Schimpff’s Confectionery proves enduring sweet story

Schimpff’s Confectionery proves enduring sweet story

Jill and Warren Schimpff (above) could have been a comedy duo. Instead the husband and wife—married for 50 years—are the George Burns and Gracie Allen of candymaking. They are also the current proprietors of Schimpff's Confectionery (347 Spring Street, Jeffersonville, IN, 812-283-8367, schimpffs.com). Warren's great-grandfather opened the shop in 1891. Several additions later, it remains a fixture on Jeffersonville's main drag. It is also the self-proclaimed “oldest, continuously operated, family-owned candy business in the United States.” Building a business around the American sweet tooth is always a good bet. In the Schimpff's case, the confection that has sustained them through thick and thin is the simple cinnamon red hot. “We've been making them for 126 years,” Jill tells us when we arrive for a candymaking...Read More

Co Couture embodies the artistry of chocolate

Deirdre McCanny had never made a chocolate in her life when she decided to leave her job in international sales and marketing to start a chocolate shop in Belfast. From modest beginnings in her apartment, she moved into her cozy shop with a big workroom in back in December 2009. It's just a few steps down from the sidewalk on the corner of Donegall Square East, literally around the corner from Belfast City Hall. It has become, as Deirdre calls it, “a chocolate oasis in the city center.” The first time we visited, a regular customer had just stopped in for a cup of hot chocolate and a cherry-sencha truffle as a treat at the end of the work day. (The tart cherry and herbaceous...Read More

What to buy in a Dublin grocery store

Whenever we visit Dublin, we make sure to enjoy lots of incredible butter and cream since we can't bring any home. (U.S. Customs frowns on such dairy products.) Fortunately there are lots of other good Irish foodstuffs that we can pack in the suitcase. For cheeses, we make our purchases at Sheridans Cheesemongers (see earlier post), but here are some of the things that caught our eye in a neighborhood Dunnes grocery store: Irish soda farls Pat's mother still remembers her own mother, who hailed from Northern Ireland, making soda bread farls in a round pan on the top of the stove. First she would shape the dough into a circle and then cut it crosswise into four pieces, the so-called farls. This style of...Read More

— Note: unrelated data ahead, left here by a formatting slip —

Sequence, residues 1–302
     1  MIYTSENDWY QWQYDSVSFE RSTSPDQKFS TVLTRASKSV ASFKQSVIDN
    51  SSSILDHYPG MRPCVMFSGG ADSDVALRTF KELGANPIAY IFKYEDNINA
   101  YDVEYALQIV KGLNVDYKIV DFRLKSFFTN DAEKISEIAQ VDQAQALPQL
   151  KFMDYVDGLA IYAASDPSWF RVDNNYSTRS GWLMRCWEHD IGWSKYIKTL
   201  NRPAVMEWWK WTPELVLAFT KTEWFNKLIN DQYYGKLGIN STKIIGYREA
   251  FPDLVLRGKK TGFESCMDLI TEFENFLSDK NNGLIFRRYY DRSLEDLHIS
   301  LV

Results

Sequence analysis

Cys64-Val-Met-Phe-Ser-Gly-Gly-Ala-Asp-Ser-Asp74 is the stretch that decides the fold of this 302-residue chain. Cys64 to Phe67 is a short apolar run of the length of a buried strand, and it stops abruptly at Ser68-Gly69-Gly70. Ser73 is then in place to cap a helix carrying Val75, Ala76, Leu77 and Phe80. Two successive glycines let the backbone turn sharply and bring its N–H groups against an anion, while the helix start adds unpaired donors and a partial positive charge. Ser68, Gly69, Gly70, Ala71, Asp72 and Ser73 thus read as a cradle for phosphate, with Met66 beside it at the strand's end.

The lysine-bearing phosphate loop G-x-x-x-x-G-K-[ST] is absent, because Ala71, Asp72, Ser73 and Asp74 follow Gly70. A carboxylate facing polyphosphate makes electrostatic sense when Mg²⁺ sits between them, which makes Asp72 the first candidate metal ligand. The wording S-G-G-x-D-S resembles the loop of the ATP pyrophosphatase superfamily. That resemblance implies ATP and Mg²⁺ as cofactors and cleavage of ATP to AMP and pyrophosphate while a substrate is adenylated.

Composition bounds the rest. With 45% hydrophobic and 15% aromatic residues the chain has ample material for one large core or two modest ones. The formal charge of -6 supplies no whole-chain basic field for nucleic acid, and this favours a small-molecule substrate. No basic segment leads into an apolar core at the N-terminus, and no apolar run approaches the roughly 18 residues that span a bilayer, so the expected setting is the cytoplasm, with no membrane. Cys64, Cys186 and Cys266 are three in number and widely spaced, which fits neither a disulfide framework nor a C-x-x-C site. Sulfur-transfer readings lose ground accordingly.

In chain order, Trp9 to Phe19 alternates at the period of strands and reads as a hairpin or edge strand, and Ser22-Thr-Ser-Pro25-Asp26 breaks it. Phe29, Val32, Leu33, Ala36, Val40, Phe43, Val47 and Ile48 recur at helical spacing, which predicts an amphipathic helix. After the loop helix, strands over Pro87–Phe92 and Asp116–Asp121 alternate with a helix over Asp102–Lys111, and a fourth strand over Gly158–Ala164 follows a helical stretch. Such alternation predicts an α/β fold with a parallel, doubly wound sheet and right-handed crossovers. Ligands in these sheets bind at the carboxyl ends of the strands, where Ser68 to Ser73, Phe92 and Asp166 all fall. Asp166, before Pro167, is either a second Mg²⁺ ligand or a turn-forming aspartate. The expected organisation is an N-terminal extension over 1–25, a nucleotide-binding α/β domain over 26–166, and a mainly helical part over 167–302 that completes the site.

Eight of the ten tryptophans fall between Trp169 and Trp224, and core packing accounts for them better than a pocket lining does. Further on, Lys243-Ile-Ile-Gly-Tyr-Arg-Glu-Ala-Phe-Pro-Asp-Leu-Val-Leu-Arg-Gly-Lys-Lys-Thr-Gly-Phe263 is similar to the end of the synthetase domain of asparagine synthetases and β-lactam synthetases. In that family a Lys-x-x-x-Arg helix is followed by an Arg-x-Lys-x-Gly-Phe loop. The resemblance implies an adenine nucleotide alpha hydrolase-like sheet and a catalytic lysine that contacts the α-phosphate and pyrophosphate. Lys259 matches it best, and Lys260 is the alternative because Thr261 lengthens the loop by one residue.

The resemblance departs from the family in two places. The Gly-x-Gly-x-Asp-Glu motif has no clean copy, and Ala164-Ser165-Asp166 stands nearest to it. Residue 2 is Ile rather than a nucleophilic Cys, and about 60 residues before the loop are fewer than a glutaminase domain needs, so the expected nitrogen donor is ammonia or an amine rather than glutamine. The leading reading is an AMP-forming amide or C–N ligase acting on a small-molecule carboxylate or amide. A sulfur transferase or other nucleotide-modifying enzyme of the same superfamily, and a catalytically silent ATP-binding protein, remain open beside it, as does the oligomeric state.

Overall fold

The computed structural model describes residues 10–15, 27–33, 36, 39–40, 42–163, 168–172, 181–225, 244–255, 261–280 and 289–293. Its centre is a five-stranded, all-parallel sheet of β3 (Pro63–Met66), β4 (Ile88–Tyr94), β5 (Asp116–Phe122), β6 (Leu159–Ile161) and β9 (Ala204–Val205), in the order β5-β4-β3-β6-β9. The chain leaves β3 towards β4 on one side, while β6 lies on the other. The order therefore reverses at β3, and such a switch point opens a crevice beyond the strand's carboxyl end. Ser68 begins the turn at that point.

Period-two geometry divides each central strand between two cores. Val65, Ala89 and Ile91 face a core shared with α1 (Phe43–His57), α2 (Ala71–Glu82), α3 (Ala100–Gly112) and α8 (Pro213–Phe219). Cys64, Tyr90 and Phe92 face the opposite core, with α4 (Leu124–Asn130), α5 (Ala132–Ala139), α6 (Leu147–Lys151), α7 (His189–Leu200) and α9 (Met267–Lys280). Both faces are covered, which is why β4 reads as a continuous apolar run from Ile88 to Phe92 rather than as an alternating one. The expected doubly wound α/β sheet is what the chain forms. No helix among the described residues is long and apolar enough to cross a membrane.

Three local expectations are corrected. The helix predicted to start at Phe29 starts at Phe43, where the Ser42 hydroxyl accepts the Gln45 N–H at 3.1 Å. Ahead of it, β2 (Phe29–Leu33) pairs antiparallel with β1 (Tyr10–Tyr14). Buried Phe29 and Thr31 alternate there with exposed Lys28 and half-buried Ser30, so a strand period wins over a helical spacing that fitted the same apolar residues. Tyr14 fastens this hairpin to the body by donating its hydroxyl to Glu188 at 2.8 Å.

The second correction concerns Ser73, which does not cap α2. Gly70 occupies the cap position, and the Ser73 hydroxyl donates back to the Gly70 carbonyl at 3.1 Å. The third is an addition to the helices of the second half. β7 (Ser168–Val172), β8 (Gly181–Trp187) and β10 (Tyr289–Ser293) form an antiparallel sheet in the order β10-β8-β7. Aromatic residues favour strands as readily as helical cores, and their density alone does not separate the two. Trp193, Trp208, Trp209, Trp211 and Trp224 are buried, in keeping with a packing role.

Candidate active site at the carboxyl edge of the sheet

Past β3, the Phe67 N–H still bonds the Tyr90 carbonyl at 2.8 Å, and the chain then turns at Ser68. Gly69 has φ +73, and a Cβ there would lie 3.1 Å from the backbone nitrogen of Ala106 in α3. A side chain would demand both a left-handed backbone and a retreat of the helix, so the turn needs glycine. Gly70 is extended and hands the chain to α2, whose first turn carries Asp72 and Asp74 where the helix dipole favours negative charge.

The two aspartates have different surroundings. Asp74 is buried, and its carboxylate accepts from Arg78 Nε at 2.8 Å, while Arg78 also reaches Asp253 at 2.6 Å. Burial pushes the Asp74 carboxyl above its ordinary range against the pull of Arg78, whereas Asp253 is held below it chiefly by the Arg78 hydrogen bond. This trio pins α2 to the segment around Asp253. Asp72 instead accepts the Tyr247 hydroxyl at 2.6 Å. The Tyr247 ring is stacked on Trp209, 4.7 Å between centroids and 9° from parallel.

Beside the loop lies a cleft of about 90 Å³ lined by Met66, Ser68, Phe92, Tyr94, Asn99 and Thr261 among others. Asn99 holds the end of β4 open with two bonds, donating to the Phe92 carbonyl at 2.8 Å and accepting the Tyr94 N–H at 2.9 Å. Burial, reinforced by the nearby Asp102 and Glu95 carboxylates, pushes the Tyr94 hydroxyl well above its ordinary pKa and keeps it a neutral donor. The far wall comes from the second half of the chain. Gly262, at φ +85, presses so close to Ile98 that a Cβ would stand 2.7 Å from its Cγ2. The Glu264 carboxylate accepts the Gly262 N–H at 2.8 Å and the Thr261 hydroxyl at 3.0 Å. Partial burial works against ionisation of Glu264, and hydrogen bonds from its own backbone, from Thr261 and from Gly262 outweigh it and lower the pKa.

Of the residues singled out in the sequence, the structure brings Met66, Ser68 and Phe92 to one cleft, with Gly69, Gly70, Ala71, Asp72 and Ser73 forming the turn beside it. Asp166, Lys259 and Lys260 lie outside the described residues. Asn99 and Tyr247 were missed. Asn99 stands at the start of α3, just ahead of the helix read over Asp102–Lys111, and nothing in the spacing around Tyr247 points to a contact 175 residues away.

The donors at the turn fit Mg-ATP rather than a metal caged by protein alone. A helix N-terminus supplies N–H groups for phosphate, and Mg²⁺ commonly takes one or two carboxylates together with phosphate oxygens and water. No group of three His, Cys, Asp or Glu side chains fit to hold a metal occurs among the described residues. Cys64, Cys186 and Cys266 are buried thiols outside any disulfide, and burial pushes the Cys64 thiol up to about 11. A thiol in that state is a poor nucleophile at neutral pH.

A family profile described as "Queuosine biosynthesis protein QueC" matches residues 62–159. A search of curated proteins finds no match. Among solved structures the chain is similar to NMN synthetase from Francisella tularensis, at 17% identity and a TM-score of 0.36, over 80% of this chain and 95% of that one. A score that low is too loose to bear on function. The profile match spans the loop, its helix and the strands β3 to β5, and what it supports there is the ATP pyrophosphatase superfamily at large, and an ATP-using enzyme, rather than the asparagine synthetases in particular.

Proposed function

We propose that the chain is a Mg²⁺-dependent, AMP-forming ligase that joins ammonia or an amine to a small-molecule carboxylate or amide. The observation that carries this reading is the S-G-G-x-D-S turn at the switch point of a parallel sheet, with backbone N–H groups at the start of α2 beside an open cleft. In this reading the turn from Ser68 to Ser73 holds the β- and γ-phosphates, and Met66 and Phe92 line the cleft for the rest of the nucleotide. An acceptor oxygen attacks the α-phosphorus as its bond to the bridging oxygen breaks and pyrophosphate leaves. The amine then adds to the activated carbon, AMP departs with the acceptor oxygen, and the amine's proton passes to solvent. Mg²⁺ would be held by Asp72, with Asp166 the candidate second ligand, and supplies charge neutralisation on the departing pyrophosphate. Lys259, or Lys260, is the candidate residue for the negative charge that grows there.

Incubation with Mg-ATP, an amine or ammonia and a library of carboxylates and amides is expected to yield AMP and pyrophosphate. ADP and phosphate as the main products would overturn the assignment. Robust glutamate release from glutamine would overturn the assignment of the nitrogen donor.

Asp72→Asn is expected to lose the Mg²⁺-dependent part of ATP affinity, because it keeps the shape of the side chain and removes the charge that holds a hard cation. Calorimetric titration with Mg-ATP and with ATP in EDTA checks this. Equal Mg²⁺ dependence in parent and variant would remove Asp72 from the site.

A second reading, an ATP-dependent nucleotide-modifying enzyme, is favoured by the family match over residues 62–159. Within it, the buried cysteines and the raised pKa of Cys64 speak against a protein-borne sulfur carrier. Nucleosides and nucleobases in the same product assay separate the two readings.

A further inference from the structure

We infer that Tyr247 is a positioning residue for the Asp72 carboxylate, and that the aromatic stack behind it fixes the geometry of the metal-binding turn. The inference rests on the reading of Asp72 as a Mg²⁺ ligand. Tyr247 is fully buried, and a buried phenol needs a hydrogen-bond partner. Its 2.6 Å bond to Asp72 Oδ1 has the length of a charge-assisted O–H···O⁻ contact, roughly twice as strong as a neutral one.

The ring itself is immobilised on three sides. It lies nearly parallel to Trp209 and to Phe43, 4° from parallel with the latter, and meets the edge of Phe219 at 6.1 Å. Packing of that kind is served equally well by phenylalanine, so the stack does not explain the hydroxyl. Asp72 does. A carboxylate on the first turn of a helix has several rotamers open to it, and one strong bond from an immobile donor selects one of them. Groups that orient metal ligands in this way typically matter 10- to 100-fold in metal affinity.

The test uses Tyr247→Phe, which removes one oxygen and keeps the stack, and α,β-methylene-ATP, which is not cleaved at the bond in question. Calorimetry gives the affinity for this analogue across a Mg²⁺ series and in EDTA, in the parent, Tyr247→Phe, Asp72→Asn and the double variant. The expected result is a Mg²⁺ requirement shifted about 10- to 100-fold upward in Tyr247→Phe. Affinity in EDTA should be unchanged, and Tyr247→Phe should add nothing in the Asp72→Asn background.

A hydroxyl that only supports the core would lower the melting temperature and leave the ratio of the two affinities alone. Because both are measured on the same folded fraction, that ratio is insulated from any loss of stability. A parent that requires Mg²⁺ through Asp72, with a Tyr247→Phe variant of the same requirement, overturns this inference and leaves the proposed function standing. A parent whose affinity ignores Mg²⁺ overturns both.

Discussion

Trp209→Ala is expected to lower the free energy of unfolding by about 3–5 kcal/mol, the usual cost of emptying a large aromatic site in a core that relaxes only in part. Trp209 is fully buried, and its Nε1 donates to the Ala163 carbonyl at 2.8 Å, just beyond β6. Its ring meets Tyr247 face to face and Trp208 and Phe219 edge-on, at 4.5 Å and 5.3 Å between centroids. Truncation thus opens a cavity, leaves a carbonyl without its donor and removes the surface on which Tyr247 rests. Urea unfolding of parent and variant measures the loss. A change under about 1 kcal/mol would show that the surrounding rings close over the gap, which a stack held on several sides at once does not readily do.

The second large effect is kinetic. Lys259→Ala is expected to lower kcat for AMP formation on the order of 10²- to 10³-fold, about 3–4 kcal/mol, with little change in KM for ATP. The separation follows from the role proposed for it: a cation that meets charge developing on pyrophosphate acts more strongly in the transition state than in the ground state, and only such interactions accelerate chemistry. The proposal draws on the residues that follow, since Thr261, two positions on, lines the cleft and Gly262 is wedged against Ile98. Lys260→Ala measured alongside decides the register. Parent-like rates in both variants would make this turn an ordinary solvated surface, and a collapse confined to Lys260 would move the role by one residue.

Making fudge with an Irish accent

With his engaging banter, Tomás Póil could surely peddle ice to Eskimos, but he doesn't have to work nearly as hard to persuade the folks of Dublin to indulge in blocks cut from his big slabs of fudge. We ran into Póil at his Man of Aran Fudge booth at the street food market on Bernardo Square on New Year's Day. (To find out where he'll be on any given weekend, see www.manofaranfudge.ie). A surprising number of people seemed to be finding Póil's sweets to be the perfect antidote to a night of overindulgent revelry. Originally from the Aran Isles, Póil began making fudge in 1999 and hasn't yet grown tired of coming up with new flavor combinations. In one, he tops a slab of...Read More

Mobile DAR House Museum has sweet bite of history

I had a real taste of Southern hospitality when I visited the Richards DAR House Museum in Mobile, Alabama (256 North Joachim St., www.richardsdarhouse.com). The 1860 Italianate-style townhouse was built for a steamboat captain and his wife. Now listed on the National Register of Historic Places, it features an intricate iron lacework facade and a beautiful cantilevered staircase. The home is furnished to reflect the comfortable, upper-class lifestyle of the late 19th century. Visitors are welcome to sit in the chairs and encouraged to play the piano. They are also served tea and a few small sweets in the dining room. This simple Apricot-Almond Delight Candy is always a hit. The recipe is published in the museum's cookbook Tastefully Yours. APRICOT-ALMOND DELIGHT CANDY Barbara Bodie,who...Read More